From the desk of The Brussels Journal on Tue, 2007-05-01 12:27
[T]he EU economies are not substantially better than they were in the 90s. Many are at the same level, others are worse. Ask any Italian what he thinks of the economy at the moment and if you’re lucky he’ll just shout at you for a few hours. The only reason your dollars don’t seem to go far any more is because the dollar has fallen significantly, not because the euro has risen. The euro is placing a massive inflationary burden on the EU economies, which no longer have the mechanism of altering interest rates in order to control inflation.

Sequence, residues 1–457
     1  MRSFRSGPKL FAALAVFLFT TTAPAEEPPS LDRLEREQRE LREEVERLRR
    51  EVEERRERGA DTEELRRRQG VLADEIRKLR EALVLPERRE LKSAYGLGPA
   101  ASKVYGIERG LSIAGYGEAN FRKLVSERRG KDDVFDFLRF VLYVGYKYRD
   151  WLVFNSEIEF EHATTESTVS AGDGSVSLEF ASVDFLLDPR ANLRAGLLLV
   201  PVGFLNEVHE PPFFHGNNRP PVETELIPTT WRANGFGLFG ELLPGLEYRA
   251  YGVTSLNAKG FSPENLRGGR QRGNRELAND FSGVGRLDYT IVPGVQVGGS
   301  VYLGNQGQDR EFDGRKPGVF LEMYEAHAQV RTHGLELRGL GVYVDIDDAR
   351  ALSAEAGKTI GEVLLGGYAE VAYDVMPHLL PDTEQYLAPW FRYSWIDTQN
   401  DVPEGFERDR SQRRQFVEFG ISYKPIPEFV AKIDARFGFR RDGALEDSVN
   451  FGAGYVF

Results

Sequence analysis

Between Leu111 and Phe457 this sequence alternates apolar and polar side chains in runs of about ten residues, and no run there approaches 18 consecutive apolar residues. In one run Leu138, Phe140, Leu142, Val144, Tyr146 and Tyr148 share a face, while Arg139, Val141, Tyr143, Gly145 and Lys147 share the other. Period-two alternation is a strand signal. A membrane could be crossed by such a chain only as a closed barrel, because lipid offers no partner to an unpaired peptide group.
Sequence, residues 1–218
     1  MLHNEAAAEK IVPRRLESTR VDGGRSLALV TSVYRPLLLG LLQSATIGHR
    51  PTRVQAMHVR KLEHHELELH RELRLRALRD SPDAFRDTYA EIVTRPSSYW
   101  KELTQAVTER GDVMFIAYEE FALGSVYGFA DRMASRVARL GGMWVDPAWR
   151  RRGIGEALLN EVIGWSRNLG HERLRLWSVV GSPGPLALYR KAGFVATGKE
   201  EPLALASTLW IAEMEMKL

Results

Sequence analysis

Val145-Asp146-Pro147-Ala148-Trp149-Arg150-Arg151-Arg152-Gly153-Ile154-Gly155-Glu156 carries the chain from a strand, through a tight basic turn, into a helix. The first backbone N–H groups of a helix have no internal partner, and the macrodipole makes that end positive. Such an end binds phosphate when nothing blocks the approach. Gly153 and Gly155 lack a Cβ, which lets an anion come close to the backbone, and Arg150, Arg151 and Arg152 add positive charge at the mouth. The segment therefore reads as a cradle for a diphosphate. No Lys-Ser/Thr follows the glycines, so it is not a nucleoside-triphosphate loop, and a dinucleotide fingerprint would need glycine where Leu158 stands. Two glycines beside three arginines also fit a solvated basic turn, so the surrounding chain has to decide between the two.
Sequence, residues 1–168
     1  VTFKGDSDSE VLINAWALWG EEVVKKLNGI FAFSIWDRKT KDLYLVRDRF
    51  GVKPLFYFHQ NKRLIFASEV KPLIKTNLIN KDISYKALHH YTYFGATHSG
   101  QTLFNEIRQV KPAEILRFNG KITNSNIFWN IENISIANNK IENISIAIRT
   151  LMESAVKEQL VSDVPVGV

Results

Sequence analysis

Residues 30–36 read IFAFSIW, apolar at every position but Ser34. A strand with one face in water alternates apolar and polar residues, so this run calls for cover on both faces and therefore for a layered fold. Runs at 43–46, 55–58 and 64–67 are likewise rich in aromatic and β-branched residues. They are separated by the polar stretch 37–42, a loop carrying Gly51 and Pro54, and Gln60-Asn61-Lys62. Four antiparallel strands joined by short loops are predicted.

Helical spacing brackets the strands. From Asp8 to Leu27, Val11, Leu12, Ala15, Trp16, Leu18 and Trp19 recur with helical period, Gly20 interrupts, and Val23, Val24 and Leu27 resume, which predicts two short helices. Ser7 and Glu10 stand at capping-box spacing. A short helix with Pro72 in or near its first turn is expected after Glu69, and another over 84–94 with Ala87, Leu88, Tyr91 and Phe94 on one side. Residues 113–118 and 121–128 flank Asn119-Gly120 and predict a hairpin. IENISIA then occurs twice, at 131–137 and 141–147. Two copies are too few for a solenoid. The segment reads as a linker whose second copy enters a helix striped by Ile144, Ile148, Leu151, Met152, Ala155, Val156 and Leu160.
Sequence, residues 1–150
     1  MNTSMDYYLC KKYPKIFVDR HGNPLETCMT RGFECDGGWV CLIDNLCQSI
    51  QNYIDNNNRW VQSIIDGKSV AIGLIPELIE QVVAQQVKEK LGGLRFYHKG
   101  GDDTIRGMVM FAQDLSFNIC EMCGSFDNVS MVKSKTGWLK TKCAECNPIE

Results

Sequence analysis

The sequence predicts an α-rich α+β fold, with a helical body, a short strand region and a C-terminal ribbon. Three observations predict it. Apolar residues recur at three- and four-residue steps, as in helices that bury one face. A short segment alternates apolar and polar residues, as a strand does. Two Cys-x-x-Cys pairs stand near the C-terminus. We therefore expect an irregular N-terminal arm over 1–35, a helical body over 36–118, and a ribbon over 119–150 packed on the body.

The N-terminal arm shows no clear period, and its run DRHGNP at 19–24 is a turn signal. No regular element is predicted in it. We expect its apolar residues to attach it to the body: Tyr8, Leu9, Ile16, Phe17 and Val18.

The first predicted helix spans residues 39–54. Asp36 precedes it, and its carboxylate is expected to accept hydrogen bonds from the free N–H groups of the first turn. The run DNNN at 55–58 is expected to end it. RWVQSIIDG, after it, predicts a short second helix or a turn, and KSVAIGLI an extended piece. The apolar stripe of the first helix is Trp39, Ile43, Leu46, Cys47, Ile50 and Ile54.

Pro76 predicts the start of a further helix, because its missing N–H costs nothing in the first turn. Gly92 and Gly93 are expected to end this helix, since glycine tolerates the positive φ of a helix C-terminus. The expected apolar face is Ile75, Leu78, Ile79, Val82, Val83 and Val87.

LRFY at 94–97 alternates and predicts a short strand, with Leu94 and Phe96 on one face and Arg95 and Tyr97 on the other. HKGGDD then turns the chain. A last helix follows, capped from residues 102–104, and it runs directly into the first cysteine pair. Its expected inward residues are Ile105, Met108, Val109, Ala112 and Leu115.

Further, there is no mechanism for national debt transfer, as exists in the US, which places further inflationary pressure on individual member states. This pressure is compounded by inflation in members states that are net recipients of EU funding (Spain and Ireland as examples) who are able to cut taxes to miniscule amounts because they’re getting funded by the other EU member states. All of this is combining to produce an inflationary economy with no control mechanism. Unemployment has risen constantly within the euro zone since the euro was introduced, and productivity has fallen just as constantly. National debts are going up, taxes are rising, GDP is falling.